The Vikings won their tenth straight over the terrible San Diego Chargers, although it wasn’t an inspiring blowout. The Chargers hung around until Foreman, who ran for 127 yards, went for two fourth-quarter touchdowns to break open a 28-13 win.
Even though Minnesota was 10-0, they hadn’t played a team that would finish the season with a winning record. The first chance came at RFK Stadium and the Washington Redskins on November 30. A consistent playoff team under George Allen, the Redskins were fighting for their lives and they put Minnesota in a 21-0 hole.
Tarkenton got hot, and rolled up 357 passing yards against a proud, veteran defense. He brought the Vikings all the way back, to a 30-24 lead. It should have been the stuff of legends, but the Minnesota defense allowed Billy Kilmer and the Redskin offense to drive back and win the game 31-30. Washington would not ultimately make the playoffs, but they had derailed the Viking bid for perfection.
Minnesota came back with an easy 24-3 home win over Green Bay, but a road trip to Detroit resulted in a 17-10 loss. The offense played one of its worst games, with the only points coming on a Krause fumble return when the score was 17-3. The Vikings’ first visit to the new Detroit stadium, the Pontiac Silverdome, hadn’t gone well.
Under the old playoff format rules, this would have been irrelevant, because until 1975, homefield advantage for the playoffs was determined by a rotation system, rather than record. Once a team won its division, nothing else mattered, and with no other winning teams in the NFC Central, the Vikes had put that to bed long ago.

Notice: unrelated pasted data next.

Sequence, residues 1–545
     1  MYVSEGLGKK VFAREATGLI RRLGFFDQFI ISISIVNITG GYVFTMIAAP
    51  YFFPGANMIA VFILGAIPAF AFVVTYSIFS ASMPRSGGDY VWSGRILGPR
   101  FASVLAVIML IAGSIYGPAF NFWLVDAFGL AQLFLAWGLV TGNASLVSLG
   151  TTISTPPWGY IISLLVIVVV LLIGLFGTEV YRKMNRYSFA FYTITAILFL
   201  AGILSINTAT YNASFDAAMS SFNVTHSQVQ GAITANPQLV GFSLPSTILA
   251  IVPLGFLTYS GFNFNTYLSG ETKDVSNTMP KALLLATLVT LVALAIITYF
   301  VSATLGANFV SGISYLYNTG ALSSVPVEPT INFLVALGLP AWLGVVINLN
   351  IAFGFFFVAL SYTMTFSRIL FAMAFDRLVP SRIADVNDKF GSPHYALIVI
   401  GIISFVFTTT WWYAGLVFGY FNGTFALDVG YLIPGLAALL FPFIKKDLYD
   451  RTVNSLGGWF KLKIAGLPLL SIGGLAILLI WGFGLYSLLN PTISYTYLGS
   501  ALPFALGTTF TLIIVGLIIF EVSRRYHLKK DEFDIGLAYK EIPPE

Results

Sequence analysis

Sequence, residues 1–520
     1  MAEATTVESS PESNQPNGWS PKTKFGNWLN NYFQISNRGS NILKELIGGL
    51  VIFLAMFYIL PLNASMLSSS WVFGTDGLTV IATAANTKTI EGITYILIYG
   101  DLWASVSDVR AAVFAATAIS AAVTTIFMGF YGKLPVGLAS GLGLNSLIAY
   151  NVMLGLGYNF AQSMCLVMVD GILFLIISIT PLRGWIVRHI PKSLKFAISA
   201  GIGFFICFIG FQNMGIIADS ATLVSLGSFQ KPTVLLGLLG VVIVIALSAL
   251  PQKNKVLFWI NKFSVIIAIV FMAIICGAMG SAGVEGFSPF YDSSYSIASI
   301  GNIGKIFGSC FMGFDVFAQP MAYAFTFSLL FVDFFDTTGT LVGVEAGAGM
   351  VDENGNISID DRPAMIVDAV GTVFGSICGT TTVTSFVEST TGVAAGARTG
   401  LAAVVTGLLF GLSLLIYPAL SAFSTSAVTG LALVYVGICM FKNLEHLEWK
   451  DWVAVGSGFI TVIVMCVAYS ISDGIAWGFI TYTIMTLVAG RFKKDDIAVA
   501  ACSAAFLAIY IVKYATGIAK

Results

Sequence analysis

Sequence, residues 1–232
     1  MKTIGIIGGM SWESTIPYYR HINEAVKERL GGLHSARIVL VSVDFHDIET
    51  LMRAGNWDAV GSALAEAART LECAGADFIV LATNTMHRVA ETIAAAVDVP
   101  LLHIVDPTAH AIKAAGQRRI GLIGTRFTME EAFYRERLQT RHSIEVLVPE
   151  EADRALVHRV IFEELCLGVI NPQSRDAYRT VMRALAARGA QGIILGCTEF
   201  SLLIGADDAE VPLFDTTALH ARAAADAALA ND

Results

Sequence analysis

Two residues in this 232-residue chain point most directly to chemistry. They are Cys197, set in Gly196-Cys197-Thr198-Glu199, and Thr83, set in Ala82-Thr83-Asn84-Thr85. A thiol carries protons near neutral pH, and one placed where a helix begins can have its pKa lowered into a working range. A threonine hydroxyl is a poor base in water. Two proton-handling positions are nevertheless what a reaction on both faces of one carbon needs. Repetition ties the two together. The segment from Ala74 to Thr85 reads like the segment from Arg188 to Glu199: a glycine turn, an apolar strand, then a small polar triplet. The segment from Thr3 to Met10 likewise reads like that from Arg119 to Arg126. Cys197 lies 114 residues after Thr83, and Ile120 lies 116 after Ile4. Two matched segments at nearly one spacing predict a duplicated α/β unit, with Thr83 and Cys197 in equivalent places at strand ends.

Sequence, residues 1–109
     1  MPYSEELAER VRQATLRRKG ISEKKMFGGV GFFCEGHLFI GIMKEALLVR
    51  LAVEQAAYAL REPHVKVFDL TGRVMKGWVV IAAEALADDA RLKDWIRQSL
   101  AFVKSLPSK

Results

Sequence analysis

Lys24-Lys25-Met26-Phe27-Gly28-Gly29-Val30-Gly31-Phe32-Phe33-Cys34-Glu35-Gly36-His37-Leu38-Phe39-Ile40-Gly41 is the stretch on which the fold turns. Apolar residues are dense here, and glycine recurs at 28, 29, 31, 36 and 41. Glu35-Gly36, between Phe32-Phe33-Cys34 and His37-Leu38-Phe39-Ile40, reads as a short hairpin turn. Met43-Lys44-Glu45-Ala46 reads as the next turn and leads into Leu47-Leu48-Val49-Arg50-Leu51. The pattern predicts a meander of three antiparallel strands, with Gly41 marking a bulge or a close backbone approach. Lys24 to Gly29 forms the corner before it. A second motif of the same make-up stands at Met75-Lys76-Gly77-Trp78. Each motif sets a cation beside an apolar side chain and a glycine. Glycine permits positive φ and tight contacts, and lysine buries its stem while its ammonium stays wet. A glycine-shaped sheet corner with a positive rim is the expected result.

But 1975 was the first year that record would be the criteria for seeding division champions, and Minnesota’s second loss meant they needed to win the season finale at Buffalo to hold off the Los Angeles Rams for the #1 seed. The Bills had O.J. Simpson, and they were 8-5 coming in—a reminder that the Vikings still had not beaten a team that would finish on the plus side of .500.
Minnesota’s defense met the moment. They held O.J. to 57 yards and intercepted Joe Ferguson three times, two of the picks by Bryant. Tarkenton led an easy 35-13 win and the road to the NFC title would come through the Twin Cities, and the frigid outdoor environment and old Metropolitan Stadium.
The Dallas Cowboys were the opponent, the one wild-card team in the four-team NFC bracket. Tarkenton didn’t have a bad day, but it wasn’t his best, at 12/26 for 135 yards. Cowboy counterpart Roger Staubach completed 17/29 for 246 yards. Even so, the Vikings led 14-10 and had Dallas backed up on their own 15-yard line with 1:51 left.
Dallas faced a 4th-and-16, when Staubach found Pearson for a first down near midfield with 24 seconds left. Pearson then ran down the right sideline. Staubach launched a desperation pass. Minnesota corner Nate Wright appeared overrun the play, though Viking fans and players argued ferociously that Pearson gave him a nudge to aid that. The Cowboy receiver caught the ball and walked into the end zone.
It was a stunning end to a great season for the Vikings. Say what you will about the schedule, any team that goes 12-2, produces the MVP and has the eventual NFC champs (Dallas) on the ropes to that extent is awfully good.
Perhaps it’s a small consolation to consider that the Pittsburgh Steelers, who beat Dallas in the Super Bowl, were probably too good to be stopped anyway. But the 1975 Minnesota Vikings deserved a better ending than they got.